Are you curious about owning an electric car such as the Chevy Volt?
We are not exactly early adopters when it comes to new technology. We are definitely not “Keeping up with the Jones’” folks. In fact, my husband, Al, laughs and says we’re setting a new trend in our neighborhood: “Holding back with the McMahons.”
But one place where we have been early adopters is with our cars. We have owned hybrid vehicles since 2003, when we invested in our first Honda Civic Hybrid. We loved it so much, we bought a second one. We now own a Chevy Volt and plan to invest in a second Volt in the coming months.
Why Invest in a Hybrid or Electric Car
When we went to buy our Honda Civic Hybrids, everyone told us we were crazy: They were too expensive. They were untested. They were a fad. We even had dealers ask us, “Why would you want to do that?!” At the time only Honda and Toyota had hybrid cars on the market, but we knew quality when we saw it.
Most hybrid and electric cars are still pricey, but the federal government and many states offer rebates or tax credits when you purchase an alternative vehicle. We also bought our cars before the gas prices landed in the $4.00 a gallon range, so we saw tremendous savings because we only had to fill up once a month. We also feel strongly that we should not be a nation so dependent on Middle East gas commodities, and it’s only a matter of time before gas prices go through the roof again. And we do feel everyone should take global warming and the carbon footprint seriously. For us, there is just no going back to a fully gas-driven car.
Why Buy a Chevy Volt
So this time around we invested in a 2013 Chevy Volt and we LOVE the car. We are currently shopping for a second one.
*The Volt has a sports car sleekness, inside and out.
*The steering wheel and dashboard are filled with electronic features which are easy to use.
*The Volt is very powerful. The electric juice allows it to accelerate quickly. The car offers an amazingly smooth ride.
*The back seats fold down, which makes hauling stuff back from Home Depot and Lowe’s easy.
*The car turns off when stopped at lights so you don’t waste gas or electric energy.
*You can take the car anywhere. We have taken our car on many road trips. When the electric charge is spent, the Volt seamlessly bumps over to using gas, so you will never be stranded somewhere with a dead car. Here’s more info on how the Chevy Volt works:
*The car is primarily designed for commuting on electric energy. The electric charge lasts for about 35 miles on the older Chevy Volts. The 2016 and 2017 Volts have been redesigned with the capability of up to 53 miles per electric charge. Then the gas kicks in.
*The Volt can be driven in several modes: Normal Mode, Mountain Mode and Sport Mode depending on location and road conditions. Switching between the modes helps you extend the distance driven on electric power alone. Or you can ignore all of these options and just drive it in Normal Mode if you don’t like fussing with buttons while you are driving.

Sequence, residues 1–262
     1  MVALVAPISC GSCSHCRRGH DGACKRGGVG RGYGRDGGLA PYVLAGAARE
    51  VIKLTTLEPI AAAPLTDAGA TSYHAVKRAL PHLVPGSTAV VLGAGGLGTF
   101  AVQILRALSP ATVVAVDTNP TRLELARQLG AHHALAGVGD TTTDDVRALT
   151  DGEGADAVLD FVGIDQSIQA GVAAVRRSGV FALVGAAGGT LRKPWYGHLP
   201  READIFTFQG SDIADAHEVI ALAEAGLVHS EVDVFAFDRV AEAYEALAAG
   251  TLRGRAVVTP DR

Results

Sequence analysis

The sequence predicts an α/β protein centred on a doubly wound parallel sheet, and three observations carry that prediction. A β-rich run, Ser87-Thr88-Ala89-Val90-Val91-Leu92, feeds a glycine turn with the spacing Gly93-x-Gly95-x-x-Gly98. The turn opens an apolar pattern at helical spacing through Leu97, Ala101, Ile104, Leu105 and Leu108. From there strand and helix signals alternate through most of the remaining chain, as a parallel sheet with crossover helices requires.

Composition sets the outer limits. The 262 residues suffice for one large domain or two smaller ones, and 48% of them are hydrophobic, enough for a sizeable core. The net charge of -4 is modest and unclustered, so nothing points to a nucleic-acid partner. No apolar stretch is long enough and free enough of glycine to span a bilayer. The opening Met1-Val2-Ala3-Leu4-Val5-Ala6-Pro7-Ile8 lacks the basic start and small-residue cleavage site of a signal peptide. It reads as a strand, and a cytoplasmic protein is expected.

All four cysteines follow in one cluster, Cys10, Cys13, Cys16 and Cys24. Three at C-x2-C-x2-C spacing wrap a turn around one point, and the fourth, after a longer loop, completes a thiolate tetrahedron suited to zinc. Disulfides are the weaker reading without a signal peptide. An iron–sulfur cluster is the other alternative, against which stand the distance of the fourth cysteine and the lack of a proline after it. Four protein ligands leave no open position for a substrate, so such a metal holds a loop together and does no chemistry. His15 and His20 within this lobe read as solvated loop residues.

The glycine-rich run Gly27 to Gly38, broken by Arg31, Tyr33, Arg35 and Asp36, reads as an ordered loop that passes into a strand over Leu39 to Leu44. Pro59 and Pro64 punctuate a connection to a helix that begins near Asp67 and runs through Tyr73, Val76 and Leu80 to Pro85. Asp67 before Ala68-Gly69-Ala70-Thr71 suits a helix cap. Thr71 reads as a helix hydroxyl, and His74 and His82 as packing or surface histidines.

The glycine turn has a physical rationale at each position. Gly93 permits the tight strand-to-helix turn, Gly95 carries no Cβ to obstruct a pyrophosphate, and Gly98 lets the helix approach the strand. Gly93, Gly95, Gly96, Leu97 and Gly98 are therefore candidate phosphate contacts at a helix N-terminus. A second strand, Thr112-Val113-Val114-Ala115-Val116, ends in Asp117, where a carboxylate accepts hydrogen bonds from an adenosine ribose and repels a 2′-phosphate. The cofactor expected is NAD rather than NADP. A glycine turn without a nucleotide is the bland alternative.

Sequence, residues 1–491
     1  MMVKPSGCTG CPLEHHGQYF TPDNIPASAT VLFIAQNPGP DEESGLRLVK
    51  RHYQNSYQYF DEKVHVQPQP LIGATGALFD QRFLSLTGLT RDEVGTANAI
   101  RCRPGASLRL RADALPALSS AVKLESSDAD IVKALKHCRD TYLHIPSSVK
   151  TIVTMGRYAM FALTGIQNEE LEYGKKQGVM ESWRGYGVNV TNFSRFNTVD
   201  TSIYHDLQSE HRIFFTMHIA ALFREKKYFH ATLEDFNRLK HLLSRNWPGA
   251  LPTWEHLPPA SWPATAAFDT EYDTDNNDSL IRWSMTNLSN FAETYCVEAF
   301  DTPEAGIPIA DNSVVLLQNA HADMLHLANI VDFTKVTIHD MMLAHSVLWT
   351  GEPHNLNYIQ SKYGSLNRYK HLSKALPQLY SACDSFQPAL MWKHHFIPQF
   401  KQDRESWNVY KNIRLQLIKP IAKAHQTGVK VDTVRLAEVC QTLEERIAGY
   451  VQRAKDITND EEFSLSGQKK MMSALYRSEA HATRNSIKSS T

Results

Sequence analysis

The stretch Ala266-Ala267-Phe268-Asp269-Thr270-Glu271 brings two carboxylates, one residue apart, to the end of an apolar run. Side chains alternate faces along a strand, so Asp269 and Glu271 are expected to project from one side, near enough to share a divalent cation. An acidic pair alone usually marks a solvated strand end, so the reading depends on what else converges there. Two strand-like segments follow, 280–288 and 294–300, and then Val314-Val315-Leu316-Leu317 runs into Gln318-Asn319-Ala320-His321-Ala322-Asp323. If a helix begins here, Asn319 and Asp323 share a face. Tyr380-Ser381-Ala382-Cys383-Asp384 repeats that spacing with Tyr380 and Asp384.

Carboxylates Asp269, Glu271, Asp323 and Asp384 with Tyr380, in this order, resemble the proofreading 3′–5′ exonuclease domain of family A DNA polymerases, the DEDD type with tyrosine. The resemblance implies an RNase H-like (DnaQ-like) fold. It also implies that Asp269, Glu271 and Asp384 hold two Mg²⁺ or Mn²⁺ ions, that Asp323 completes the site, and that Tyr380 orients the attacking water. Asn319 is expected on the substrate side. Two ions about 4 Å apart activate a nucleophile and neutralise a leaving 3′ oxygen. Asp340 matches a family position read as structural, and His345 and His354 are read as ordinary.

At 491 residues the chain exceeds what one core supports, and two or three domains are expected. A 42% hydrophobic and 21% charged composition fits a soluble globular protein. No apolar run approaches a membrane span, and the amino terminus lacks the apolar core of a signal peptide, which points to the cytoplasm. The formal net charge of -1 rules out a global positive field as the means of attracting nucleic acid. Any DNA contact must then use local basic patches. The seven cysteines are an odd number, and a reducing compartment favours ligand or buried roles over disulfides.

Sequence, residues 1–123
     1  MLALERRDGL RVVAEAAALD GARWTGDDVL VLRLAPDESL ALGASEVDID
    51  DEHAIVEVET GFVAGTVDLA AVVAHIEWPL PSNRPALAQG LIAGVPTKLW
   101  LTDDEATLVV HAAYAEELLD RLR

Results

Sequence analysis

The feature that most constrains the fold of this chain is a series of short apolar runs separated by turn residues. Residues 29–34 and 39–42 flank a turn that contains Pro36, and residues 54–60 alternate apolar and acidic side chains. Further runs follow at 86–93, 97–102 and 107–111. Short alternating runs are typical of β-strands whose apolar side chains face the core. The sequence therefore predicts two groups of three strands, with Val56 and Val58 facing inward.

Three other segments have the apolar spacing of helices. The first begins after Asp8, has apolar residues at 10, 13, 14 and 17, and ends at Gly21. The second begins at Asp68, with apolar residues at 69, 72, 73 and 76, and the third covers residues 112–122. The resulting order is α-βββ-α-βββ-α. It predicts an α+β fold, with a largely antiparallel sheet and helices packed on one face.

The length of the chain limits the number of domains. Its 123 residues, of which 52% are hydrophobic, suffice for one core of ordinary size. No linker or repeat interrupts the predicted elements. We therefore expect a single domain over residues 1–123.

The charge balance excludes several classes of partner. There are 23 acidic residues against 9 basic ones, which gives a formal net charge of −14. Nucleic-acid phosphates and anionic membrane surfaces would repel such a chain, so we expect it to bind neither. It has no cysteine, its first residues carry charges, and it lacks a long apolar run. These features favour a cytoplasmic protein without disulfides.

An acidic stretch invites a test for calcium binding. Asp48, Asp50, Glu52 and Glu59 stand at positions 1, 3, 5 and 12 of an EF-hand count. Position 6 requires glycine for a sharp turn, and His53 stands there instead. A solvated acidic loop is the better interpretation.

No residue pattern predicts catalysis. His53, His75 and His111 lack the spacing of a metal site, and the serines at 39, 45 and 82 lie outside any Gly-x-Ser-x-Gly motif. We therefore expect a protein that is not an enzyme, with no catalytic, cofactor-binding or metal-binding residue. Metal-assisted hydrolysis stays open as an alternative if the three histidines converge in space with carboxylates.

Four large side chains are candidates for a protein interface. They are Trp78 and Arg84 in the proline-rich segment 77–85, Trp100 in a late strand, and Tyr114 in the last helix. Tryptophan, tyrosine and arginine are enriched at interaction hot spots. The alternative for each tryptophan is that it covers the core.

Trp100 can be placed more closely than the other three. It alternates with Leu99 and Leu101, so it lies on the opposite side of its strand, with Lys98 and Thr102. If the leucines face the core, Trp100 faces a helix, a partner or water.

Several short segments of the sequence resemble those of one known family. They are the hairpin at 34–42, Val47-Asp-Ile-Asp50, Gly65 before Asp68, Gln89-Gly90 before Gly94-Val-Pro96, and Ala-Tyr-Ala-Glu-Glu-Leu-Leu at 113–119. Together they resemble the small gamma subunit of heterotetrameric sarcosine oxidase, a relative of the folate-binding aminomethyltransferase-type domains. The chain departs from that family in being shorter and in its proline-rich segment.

*You just plug the car in to a 120v or 240v outlet when not in use. We’ve run a cord out the garage and right into the driveway. It only takes an extra 30 seconds to plug in and unplug the car once you get into the routine. Al charges the car off of his work’s solar panels during the day, then charges at our house at night. We’ve barely seen any increase in our electric bill at home.
*Electric car charging stations are becoming more common in most communities and are easy to use. Some are free and often give you GREAT up front parking spots at events and venues. Call the number on the charging station to get started.
*You can find used Chevy Volts for under $20,000. If you are willing to drive out of town, you can also find Volts with low mileage. Use Carfax.com to find cars worth traveling for.
*The car is low to the ground, so rumor has it tall people have difficulty getting in and out of the Volt. And you tend to scrape the bottom fenders pulling over drainage and any driveway inclines. Just go slow.
*You have to be careful not to speed. It’s very easy to look down and not realize you are driving WAY over the speed limit, even around town.
As with any electric or hybrid car, high quality Winter snow tires make a huge difference and investing in quality all-weather tires for the rest of the year is highly recommended. The car tends to slide most when starting up from stop lights, even on wet roads, and sometimes slides a bit if you brake too quickly.
*The Volt has what we call a “cross walk blind spot.” The front framework for the car blocks your view just right that in town and in parking lots, it’s hard to anticipate people crossing in front of the car.
*The car is so quiet, people don’t hear you coming. Be extra careful backing out of your driveway and in parking lots. Also, check for pets under the car before you get in and back up slowly.
*The charge door on the front driver’s side sometimes likes to stick in winter, especially if we get a lot of ice. Members of the various Chevy Volt users groups have solutions on how to deal with this issue.
*We wish the distance you can go on the electric charge is just a bit further. The 2016 and 2017 Chevy Volts’ electric range is supposed to be up to 53 miles.
*New Chevy Volts are priced in the lower luxury car range, starting around $32,000. However, do the math because state and federal tax credits can help bring the price down.
*Click here to learn more about how the Chevy Volt works and why it’s different from other hybrid and electric vehicles.
*Check out this Consumer Reports Buying Guide for Hybrid and Electric cars, including the Chevy Volt.
*Here is a great article on charging your electric car.
*Want to buy a used Chevy Volt? Here are some good tips to consider.
*Join the Chevy Volt Users Group on Facebook or one of the many Chevy Volt Forums online such as this one.